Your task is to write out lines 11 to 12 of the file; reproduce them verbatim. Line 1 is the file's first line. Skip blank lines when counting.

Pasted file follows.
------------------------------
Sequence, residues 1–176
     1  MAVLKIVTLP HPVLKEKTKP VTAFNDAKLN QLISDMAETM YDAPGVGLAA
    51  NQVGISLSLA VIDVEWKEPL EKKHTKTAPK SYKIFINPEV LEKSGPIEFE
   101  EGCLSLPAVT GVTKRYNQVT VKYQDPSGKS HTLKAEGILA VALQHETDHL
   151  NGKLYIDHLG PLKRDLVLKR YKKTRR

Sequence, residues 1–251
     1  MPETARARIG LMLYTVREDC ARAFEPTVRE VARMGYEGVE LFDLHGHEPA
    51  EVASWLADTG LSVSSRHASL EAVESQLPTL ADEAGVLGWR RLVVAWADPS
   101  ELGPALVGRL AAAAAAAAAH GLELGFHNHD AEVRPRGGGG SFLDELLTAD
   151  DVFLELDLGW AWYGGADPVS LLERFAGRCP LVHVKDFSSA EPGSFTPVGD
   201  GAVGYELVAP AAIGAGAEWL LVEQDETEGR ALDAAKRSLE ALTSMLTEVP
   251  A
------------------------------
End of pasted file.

   201  GAVGYELVAP AAIGAGAEWL LVEQDETEGR ALDAAKRSLE ALTSMLTEVP
   251  A